Social justice is justice in relation to the distribution of wealth, opportunities and privileges within a society.

 Social justice is justice in relation to the distribution of wealth, opportunity, and privilege within a society. In Western and Asian cultures, the concept of social justice  often refers to the process of ensuring that people fulfill their social roles and receive their fair share of society. In current social justice movements, the focus is on  breaking down barriers to social mobility, creating safety nets and economic justice. Social justice assigns 

 rights  and duties in society's institutions and allows people to receive the basic benefits and burdens of working together. Relevant institutions often include taxes, social security, public health, public schools, public services, labor law, and market regulation  to ensure the distribution of wealth and equal opportunity.

 Interpretations that relate justice to a mutual relationship with society are mediated by differences in cultural traditions, some of which emphasize  individual responsibility to society and others the balance between access to power and its responsible use. Therefore, today social justice is expressed in reinterpretations of historical figures such as Bartolomé de las Casas, in philosophical debates about the differences between people, in efforts for gender, ethnic and social equality, in advocacy for  justice for migrants, prisoners, the environment and physical and developmentally disabled people. 

 Although the concepts of social justice can be found in classical and Christian philosophical sources, from Plato and Aristotle to Augustine of Hippo and Thomas Aquinas, the term social justice finds its first use in the late 18th century, albeit with theoretical meanings or unclear practices. The use of the term was soon accused of redundancy and  rhetorical flourishes, perhaps but not necessarily related to expanding a vision of distributive justice. Taparelli coined and defined the term 

 in Luigi Taparelli's social science treatise on natural law  in the early 1840s, establishing the principle of natural law  that paralleled the evangelical principle of brotherly love—i.e.My. social justice reflects the duty one has to the other self in the interdependent abstract unity of the human person in society. After the 1848 revolutions, the term was popularized more generally through the writings of Antonio Rosmini-Serbati.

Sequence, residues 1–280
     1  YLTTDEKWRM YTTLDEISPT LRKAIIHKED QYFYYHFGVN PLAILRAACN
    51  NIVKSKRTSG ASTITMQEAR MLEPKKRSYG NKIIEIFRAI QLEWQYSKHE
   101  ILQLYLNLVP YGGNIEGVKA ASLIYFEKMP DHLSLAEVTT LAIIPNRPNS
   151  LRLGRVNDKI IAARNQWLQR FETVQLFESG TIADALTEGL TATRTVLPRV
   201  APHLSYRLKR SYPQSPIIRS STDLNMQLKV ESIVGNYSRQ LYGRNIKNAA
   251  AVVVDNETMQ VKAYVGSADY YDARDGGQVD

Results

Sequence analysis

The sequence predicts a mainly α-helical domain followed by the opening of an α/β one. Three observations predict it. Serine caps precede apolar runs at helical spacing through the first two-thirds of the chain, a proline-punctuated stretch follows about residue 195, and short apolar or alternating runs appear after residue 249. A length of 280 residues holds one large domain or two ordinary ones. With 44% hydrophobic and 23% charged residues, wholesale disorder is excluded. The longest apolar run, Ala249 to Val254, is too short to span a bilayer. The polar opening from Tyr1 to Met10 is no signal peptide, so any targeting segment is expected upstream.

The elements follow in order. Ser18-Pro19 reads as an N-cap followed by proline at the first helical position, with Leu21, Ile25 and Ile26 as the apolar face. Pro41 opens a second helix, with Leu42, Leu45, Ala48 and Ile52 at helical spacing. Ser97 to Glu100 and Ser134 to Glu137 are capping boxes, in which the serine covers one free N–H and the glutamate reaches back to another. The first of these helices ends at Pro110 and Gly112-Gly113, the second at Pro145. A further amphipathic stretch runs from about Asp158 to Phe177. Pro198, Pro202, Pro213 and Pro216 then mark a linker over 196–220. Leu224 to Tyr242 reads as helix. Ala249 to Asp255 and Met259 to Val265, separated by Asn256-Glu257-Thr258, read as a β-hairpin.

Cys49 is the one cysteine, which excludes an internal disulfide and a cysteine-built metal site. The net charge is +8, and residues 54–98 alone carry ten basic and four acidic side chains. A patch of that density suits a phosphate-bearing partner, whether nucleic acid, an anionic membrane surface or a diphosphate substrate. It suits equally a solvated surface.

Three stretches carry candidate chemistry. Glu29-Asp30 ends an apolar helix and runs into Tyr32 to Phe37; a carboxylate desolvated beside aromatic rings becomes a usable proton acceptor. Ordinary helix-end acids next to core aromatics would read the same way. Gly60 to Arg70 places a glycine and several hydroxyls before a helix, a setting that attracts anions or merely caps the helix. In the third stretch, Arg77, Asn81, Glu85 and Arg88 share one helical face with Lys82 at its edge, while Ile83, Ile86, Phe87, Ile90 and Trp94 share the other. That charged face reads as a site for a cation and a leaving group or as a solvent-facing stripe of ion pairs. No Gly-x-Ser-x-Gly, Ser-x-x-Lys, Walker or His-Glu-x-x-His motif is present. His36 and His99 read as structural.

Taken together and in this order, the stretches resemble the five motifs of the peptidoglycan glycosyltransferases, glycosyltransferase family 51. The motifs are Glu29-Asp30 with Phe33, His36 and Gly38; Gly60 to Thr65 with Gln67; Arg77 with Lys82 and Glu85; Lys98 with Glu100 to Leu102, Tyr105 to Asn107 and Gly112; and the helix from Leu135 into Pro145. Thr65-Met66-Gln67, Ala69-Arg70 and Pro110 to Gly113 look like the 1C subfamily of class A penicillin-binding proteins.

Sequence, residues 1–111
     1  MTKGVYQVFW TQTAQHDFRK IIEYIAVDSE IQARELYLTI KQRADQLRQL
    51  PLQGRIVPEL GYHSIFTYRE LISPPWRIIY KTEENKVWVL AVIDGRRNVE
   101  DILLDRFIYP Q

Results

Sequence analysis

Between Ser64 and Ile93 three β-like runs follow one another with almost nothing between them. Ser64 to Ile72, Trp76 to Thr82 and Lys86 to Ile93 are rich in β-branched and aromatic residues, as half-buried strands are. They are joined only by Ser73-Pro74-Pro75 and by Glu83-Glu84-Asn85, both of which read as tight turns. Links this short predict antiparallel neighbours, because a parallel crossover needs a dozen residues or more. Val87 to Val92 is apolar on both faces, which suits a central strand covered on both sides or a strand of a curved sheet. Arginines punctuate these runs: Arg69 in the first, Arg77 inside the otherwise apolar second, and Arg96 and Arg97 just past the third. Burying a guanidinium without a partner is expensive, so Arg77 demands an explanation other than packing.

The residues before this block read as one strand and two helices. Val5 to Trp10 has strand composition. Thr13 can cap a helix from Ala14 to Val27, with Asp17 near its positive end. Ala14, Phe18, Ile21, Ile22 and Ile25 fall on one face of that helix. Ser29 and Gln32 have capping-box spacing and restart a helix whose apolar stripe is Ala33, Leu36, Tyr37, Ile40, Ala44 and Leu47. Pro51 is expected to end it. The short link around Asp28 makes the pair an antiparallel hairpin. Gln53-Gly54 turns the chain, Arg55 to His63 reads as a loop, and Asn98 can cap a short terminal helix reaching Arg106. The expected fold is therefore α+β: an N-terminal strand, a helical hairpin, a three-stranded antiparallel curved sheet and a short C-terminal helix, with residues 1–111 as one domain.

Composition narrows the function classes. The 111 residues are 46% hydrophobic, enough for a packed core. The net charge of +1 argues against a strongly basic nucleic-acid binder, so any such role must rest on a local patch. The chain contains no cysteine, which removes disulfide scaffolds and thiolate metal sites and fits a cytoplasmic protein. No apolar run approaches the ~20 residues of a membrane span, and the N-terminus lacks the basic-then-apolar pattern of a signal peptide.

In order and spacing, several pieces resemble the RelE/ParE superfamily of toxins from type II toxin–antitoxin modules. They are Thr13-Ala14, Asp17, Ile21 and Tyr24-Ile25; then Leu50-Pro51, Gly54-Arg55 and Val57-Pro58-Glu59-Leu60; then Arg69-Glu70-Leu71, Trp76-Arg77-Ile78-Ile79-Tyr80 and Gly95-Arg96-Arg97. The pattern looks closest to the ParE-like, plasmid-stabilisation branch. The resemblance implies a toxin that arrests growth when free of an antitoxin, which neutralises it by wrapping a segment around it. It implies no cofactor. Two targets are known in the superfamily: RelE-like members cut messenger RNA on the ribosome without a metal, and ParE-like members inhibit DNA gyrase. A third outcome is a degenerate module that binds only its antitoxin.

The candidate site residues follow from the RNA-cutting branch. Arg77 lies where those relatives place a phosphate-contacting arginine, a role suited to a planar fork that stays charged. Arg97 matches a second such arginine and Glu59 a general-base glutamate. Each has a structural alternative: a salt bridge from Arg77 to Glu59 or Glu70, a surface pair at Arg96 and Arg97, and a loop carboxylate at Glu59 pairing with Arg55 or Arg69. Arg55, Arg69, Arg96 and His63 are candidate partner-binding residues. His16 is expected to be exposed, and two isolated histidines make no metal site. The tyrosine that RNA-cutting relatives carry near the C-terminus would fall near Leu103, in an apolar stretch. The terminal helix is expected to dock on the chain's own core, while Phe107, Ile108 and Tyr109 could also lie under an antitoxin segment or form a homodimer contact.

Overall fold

At the end of the Industrial Revolution, American jurists of the Progressive Era  began to use the term more widely, notably Louis Brandeis and Roscoe Pound. It has also been incorporated into international law and institutions since the early 20th century; The preamble to the founding of the International Labor Organization recalled that "universal and lasting peace can only be achieved if it is based on social justice".“In the late 20th century, social justice became central to the philosophy of Social Contract , principally by John Rawls in A Theory of Justice. In 1993, the Vienna Declaration and Program of Action treated social justice as a  human rights purpose. 


 The different concepts of justice as discussed in ancient Western philosophy typically centered on the community  to  which it is best suited." In an article for J.University N.V, author D.R. Bhandari says: "For Plato, justice is both a part of human virtue and the bond that unites man  in society. It's the identical quality that makes good and social.Justice is  order and duty of the parts of the soul; it is for the soul as health is for the body. Plato 

 says that justice is not mere power, but that it is  harmonious power. Justice is not the law of the strongest, but the effective harmony of the whole. All moral concepts revolve around the good of the whole - individually and socially." 

 Plato believed that rights exist only between free people and that the law "should primarily take into account the unequal conditions in which individuals are treated in relation to theirs value and only secondarily from relations of equality.Echoing this era, which typified slavery and the subjugation of women, ancient visions of justice tended to reflect the rigid class systems that still prevailed. On the other hand, for  privileged groups, there were strong concepts of justice and community. 

  Distributive Justice Aristotle said it was necessary that  goods and wealth be distributed to people according to their merits. 

 Socrates is credited with developing the idea of ​​a social contract, according to which people must follow the rules of a society and accept its burdens because they have In the Middle Ages, religious scholars  such as Thomas Aquinas in particular continued the discussion of justice in a variety of ways.

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